May 3, 2011

All Margin Term And Definitions

MARGIN
 Dictionary of Accounting Terms
  1. see gross margin ; profit margin .
  2. partial payment made by an investor to a broker for securities purchased, with the remainder on credit. The broker retains the securities as collateral and charges the investor interest on the money owed. The Federal Reserve Board determines margin requirements. The margin requirement for stocks is higher than that for convertible bonds because of greater risk. Assume that with a margin requirement of 50% (present requirement), 100 shares of XYZ stock are bought at $100 per share. The actual amount invested is $5000, with a margin of $5000 on credit.
  3. in commodities trading, deposits required by commodities exchanges.
  4. in accounting, a reference to revenue or profitability. Examples are gross profit margin (gross profit/sales) and profit margin (net income/sales).
Dictionary of Finance and Investment Terms
 In general: amount a customer deposits with a broker when borrowing from the broker to buy securities. Under Federal Reserve Board regulation, the initial margin required since 1945 has ranged from 50 to 100 percent of the security's purchase price. In the mid-1990s the minimum was 50% of the purchase or short sale price, in cash or eligible securities, with a minimum of $2,000. Thereafter, minimum maintenance requirements are imposed by the National Association of Securities Dealers (NASD) and the New York Stock Exchange, and by the individual brokerage firm, whose requirement is typically higher.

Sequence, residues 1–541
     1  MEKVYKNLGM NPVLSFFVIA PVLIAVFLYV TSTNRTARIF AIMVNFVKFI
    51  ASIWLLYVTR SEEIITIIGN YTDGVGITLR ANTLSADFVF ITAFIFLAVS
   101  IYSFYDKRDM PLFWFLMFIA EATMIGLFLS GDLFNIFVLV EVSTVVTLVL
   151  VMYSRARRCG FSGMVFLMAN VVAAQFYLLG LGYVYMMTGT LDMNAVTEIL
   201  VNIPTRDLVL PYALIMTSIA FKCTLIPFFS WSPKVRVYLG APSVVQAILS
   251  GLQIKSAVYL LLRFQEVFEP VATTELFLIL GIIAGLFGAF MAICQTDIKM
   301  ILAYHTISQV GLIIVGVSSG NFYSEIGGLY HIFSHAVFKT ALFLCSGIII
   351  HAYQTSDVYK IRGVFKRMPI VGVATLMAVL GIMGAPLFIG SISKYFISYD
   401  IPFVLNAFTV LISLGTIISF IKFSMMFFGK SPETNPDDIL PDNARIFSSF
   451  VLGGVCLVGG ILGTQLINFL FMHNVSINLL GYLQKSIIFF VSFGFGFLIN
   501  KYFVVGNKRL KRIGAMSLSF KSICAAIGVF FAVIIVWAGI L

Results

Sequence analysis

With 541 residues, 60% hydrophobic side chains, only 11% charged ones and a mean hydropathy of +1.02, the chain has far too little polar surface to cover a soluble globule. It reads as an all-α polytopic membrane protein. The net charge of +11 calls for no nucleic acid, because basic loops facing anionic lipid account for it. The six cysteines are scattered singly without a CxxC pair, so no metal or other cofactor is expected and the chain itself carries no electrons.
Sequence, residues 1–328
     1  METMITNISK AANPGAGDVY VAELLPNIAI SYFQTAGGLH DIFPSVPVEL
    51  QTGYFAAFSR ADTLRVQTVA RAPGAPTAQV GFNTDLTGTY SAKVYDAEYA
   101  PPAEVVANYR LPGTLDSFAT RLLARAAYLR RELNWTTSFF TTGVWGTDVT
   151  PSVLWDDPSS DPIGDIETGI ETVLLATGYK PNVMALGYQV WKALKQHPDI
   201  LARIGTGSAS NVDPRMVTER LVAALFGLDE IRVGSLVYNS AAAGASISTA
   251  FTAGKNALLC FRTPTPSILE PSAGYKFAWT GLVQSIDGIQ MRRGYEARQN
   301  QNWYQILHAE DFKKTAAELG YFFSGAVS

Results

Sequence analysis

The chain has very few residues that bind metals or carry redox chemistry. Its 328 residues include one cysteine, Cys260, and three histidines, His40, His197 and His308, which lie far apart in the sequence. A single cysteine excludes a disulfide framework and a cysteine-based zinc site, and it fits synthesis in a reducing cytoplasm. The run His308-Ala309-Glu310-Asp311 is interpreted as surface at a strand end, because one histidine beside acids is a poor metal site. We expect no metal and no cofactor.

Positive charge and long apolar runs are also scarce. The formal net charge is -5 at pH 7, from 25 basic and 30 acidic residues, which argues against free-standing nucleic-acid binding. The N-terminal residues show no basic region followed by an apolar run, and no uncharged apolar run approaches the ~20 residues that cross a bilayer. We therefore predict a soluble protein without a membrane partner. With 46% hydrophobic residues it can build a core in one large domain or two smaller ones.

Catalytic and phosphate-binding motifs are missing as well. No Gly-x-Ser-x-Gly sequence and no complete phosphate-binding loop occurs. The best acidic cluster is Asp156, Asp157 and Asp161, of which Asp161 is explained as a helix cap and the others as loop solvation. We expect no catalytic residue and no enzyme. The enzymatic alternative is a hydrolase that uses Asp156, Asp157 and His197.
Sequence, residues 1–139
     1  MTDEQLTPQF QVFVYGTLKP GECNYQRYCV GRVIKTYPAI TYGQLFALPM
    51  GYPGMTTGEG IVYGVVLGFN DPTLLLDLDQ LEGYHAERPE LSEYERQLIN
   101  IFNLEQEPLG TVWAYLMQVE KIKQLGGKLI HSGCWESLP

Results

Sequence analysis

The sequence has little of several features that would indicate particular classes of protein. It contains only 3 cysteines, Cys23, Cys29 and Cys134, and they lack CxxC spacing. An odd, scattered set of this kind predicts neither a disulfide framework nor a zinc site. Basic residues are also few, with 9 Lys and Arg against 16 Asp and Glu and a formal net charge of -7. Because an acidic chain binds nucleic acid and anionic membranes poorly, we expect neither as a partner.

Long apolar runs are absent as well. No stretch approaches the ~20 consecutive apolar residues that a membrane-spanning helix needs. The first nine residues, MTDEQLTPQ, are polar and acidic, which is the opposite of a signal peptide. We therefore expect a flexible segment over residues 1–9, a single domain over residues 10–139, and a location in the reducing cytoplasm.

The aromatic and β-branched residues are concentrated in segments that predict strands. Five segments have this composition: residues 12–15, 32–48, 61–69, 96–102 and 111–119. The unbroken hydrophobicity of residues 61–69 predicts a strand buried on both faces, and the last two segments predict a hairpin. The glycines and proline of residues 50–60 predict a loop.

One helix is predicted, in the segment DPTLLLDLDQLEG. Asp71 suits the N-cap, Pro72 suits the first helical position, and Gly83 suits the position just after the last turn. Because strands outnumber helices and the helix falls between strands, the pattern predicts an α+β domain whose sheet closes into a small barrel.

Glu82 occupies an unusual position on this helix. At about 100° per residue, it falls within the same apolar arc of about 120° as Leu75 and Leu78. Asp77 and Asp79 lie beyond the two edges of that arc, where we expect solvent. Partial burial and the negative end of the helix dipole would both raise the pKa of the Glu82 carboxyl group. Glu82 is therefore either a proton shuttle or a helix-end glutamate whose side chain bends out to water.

Banking: difference between the current market value of collateral backing a loan and the face value of the loan. For instance, if a $100,000 loan is backed by $50,000 in collateral, the margin is $50,000.
Corporate finance: difference between the price received by a company for its products and services and the cost of producing them. Also known as gross profit margin.
Futures trading: good-faith deposit an investor must put up when buying or selling a contract. If the futures price moves adversely, the investor must put up more money to meet margin requirements.

 Dictionary of Banking Terms
 Banking
  1. Net Interest Margin , or the percentage difference between a bank's yield on earning assets (mostly loans) and interest paid to depositors.
  2. proportion of the asset pledged as security, for example, inventory or accounts receivable, that a bank will lend against. The difference between the market value and loan value is also called a haircut . If the collateral declines in value, additional margin will be required.
  3. premium a mortgage lender adds to an index rate in determining the loan interest rate in an adjustable-rate mortgage . This premium is typically two to three percentage points.
 Futures:money or securities put up as a good faith deposit assuring that a future contract will be fulfilled. Also known as a security deposit, as in the initial margin and maintenance margin required when a futures position is open.
Securities:money deposited with a broker that serves as partial payment when purchasing securities. The Federal Reserve Board's Regulation T sets a maintenance margin , currently 50%, in purchases or short sales of securities. Margins may be put up in cash or eligible securities. Individual broker-dealers may impose higher margins in trades of over-the-counter securities





Dictionary of Insurance Terms
fluctuation in claims arising from adverse selection*

*process in life insurance by which an applicant who is uninsurable, or is a greater than average risk, seeks to obtain a policy from a company at a standard premium rate. Life insurance companies carefully screen applicants for this reason, since their premiums are based on policyholders in average good health and in non-hazardous occupations.